Wrongful Convictions

Wrongful Convictions




By Brian Humenuk, COPJOT Police Notebooks and Pens -  October 5, 2022

Wrongful Convictions – Is it just the price of doing business in the American Justice system?

Wrongful convictions and convictions overturned has not always been an interest for me. Over the years of my career, I started to see a pattern in the trial court where individuals are unable to pay for an attorney and are appointed a public defender. Don't get me wrong, I do have a lot of respect for public defenders. I believe that they carry a case load that is a specific niche others don't bother with.  I guess I just feel that in order to work as a public defender and make the most amount of money for the least amount of time invested there has to be a quick resolution, in other words a plea deal.

As companies like Netflix and Amazon Prime have replaced or maybe just added on to your cable TV options they have brought some series that just blow my mind away. The streaming series that I am talking about are programs like the Innocence Files, The Innocence Project, Outcry, Trial 4, How to fix a drug scandal, The Trial of the Chicago 7, When they see us – The Central Park 5. If you haven’t caught some of these series you are missing some great true crime documentaries and a missed opportunity on learning how the justice system works when a person who is innocent is charged with a major crime.

There are many things that I would have changed, if I could, upon graduating from the police academy and starting this wonderful job as a police officer. For one, if I could go back in time, I wish I could have watched a few of these innocence series so that the phrase “it is just as important to set an innocent man free as it is to convict a guilty man” would have been driven home. Coming out of the police academy I felt my job was to find criminal activity, find the perpetrator or suspect involved and charge them either by arrest or summons. I was 27 at the time did I really know anything about systemic justice, false confessions, false eye witnesses or even that the photo array would be heavily scrutinized and changed during my first years on the job.

Once I started to get hooked on these real life innocence cases the light bulb came on and the aha moment was born. Something about me is that I am a thinker. I have to figure out how things work. I have to look things up and do research before I am convinced of the truth. What I really enjoy about these cases are that by the time someone is released from prison on a false conviction the evidence is so overwhelming that the investigation, the research, the interviews, the briefs and arguments for and against have been done for me. The light bulb that went on many years ago has never turned off. In fact when I was studying as a graduate student a few years ago it only made me think more about how people get convicted of crimes that they didn't do.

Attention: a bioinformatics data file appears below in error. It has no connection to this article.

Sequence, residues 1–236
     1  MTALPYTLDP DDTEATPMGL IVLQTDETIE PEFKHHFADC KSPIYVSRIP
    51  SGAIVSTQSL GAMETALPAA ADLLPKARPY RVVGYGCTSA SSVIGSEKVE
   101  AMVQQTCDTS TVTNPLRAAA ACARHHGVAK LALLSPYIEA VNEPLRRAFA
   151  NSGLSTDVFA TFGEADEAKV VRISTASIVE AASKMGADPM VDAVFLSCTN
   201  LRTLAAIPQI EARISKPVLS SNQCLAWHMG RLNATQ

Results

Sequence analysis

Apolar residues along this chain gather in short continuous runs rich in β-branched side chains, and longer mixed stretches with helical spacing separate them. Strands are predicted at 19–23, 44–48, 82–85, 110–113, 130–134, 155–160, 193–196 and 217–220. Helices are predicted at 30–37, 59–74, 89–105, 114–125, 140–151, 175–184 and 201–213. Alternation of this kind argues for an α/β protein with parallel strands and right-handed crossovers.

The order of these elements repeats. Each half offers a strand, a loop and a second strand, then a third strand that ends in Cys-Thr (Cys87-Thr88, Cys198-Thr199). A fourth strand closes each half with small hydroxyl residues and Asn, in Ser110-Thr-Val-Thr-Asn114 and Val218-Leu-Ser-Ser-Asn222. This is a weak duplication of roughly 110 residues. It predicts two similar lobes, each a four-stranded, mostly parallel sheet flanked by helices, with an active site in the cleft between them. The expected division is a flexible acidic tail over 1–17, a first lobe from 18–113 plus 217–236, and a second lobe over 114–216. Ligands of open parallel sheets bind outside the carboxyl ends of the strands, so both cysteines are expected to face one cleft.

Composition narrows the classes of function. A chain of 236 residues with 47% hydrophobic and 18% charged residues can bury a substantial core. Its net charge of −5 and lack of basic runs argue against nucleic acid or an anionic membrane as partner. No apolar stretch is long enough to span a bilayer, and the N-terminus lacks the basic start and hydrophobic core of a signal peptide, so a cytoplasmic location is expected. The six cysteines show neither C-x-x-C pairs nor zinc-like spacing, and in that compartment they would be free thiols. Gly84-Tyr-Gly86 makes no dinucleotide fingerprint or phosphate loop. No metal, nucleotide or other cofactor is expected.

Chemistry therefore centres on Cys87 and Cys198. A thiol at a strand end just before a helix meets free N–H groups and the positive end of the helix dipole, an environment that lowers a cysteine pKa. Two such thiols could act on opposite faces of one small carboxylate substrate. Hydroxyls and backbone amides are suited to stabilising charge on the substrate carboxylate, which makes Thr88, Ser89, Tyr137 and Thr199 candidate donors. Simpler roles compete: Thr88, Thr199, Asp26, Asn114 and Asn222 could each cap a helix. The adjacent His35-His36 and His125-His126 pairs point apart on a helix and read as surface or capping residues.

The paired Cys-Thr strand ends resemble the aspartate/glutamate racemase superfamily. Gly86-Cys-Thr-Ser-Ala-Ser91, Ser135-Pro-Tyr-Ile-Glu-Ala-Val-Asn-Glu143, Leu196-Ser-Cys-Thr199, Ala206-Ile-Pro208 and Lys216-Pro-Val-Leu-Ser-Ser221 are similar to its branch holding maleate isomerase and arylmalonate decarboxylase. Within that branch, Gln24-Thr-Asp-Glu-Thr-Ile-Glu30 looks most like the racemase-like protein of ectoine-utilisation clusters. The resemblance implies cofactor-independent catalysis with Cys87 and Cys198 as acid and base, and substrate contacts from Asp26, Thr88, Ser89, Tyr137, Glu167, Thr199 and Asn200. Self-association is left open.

If you are a newer police officer coming out of the police academy or maybe you have been on a few years my recommendation on where to start with these true crime innocence shows would be “Outcry” and “Trial 4”. As you are working day in and day out enjoying your new career and most likely filling up pages and pages of notes in your new COPJOT Custom Police Notebook try and find some time to binge a few of these shows. You will be blown away at many of these cases and it won’t be a bad thing to have some of this information in the back of your mind when you do catch yourself a case and your gut starts playing tricks on you.

Lastly, I was recently on a Southwest flight from Providence to Orlando where I was browsing their inflight free movies. I came across a movie called "Just Mercy" starring Michael B. Jordan. I won’t give away what happens in the film but it is a must watch movie if you want to see first hand what happens at the intersection of justice when race and economic inequalities collide.

So now that you have wrote down all of these streaming and binge worthy show ideas inside of your Police Notebook which was hopefully custom made by COPJOT, I hope that you educate yourself in a way that will make the criminal justice system better just by understanding that we have a job to do and sometimes that job is to set an innocent man free or do some extra police work in order to find the truth. Because this job that we do requires us to be informed as well as to continue to learn.

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